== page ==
There were more books that I took off the shelf then there were that I pulled out of the holiday book box. So the book box was now overflowing. I took the book box down to the basement and put it back with all the books we normally keep out all year. And then I began arranging the 10 or so Christmas books for us older folk on our shelf in the living room where it's nice and peaceful. These books are for decoration, reminders to read, and serve as a good reminder to focus on the real meaning of Christmas. And there set beside these books was a nice little Jerusalem wooden nativity from my parents.

I also put up the 10 or so children's Christmas books on another shelf that was previously occupied by other things. These aren't general Christmas books… But books that are both fun and serve as reminders of the real reason of the holiday. Some other types are thrown in just for fun, but we try to limit the frivolous books.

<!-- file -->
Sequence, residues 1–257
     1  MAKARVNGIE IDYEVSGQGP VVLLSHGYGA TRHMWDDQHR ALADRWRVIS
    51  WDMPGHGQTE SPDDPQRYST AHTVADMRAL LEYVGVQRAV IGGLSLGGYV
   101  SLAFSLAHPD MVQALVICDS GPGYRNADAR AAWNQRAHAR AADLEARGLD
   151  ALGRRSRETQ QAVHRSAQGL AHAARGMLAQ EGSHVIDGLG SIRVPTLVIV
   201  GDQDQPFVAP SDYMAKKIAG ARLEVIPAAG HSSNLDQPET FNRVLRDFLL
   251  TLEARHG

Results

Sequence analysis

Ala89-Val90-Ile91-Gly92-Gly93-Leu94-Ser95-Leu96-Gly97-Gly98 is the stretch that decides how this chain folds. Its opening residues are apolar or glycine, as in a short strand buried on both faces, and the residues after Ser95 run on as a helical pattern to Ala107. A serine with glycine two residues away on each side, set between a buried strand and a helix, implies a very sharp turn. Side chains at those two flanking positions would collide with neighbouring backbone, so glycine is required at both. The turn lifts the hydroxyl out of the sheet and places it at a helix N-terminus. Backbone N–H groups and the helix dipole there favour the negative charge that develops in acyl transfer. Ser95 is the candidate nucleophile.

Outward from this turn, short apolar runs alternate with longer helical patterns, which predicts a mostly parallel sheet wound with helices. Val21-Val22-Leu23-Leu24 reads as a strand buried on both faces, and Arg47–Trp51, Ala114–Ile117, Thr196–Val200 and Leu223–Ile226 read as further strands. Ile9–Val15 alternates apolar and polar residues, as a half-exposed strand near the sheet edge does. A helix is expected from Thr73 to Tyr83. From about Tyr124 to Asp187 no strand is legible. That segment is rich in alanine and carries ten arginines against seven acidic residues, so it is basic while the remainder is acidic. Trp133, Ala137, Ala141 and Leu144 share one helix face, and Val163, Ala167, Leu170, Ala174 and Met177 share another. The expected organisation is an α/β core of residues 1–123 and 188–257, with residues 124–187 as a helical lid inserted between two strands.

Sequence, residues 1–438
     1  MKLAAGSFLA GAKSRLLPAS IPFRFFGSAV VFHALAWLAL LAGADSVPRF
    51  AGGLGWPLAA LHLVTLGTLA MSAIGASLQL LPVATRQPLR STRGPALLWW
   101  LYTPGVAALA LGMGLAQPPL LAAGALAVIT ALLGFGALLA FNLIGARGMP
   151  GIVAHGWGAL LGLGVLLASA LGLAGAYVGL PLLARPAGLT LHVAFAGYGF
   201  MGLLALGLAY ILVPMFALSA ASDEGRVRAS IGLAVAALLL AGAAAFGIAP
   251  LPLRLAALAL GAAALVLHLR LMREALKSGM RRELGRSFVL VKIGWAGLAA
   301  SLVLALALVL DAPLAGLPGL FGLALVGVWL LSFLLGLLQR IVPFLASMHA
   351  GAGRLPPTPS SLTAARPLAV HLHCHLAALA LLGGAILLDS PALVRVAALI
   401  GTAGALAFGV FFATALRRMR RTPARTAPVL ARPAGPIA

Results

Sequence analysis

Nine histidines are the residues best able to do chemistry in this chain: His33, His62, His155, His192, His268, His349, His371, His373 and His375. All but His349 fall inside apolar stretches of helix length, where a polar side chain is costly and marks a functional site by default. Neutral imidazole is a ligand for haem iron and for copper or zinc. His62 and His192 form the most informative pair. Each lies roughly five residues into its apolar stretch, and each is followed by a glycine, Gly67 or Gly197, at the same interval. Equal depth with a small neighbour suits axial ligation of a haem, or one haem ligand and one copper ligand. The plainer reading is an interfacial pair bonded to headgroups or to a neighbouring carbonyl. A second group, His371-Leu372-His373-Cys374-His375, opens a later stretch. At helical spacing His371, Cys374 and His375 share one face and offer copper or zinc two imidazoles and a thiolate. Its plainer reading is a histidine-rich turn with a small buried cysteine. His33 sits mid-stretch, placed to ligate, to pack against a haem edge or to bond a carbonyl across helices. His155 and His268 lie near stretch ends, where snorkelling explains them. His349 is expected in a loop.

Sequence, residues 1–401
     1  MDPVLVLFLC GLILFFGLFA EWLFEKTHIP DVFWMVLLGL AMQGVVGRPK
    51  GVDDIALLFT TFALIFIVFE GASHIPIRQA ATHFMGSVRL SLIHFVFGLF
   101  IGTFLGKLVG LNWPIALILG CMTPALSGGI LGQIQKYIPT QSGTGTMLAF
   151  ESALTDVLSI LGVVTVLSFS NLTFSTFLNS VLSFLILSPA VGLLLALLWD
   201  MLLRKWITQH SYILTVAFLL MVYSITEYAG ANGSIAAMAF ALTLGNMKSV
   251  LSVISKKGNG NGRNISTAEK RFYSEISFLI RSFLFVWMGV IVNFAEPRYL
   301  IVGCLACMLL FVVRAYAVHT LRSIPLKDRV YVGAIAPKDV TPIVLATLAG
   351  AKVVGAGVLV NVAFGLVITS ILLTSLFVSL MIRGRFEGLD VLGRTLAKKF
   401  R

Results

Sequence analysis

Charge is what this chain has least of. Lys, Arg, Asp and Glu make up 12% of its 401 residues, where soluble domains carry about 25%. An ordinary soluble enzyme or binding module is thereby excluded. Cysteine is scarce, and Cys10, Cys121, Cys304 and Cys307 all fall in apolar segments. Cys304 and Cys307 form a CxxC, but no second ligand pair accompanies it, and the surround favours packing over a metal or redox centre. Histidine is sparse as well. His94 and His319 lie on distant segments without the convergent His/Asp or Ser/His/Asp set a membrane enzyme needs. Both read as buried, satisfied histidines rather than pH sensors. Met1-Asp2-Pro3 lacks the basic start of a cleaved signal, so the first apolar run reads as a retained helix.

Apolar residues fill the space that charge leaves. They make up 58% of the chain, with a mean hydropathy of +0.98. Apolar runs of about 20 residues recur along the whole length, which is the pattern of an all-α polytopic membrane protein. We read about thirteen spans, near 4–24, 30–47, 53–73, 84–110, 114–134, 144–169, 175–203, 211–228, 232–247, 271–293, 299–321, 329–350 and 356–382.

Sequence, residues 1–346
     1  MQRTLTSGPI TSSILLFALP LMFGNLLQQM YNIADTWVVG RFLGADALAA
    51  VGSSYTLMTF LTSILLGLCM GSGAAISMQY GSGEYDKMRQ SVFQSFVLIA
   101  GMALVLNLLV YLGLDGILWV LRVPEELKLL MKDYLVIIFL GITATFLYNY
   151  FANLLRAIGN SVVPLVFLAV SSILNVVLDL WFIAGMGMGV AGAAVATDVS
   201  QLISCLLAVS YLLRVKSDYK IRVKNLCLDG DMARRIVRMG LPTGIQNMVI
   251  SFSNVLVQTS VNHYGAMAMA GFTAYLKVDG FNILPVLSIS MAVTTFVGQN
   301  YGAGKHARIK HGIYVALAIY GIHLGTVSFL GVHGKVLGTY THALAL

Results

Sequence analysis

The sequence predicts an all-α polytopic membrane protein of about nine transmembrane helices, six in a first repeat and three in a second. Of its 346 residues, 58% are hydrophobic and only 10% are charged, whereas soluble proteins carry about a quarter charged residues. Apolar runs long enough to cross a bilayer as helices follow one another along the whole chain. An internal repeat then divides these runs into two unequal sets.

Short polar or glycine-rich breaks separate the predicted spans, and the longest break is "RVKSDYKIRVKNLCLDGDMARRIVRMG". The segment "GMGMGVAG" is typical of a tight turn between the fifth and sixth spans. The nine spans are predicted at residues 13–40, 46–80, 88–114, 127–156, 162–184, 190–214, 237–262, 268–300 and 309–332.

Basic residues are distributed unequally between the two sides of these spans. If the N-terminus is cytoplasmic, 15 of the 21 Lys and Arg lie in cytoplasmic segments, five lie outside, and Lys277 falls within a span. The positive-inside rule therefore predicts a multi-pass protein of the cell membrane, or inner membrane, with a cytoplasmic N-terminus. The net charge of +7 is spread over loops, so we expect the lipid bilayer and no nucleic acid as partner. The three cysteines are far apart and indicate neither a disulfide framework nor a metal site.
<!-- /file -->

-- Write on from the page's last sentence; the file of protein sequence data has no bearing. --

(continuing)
But What was different this year was that I had to clear the clutter that we normally have during the year in order to put up these books. And I didn't just move the clutter to another place, but I packed it away and thought "we can get by a whole month without these."

And I've come to realize that my bookshelf was a parable for where my focus was… Is for Christmas. I don't want to read and have my mind cluttered by other subjects and topics. My literal surroundings became more simple and focused...and also my mind became more so. 

Our surroundings and how we arrange ourselves literally can reflect where our focus is. As we simplify and clear literal clutter, we can better find peace because there is less distraction for our minds and hearts.

Side note: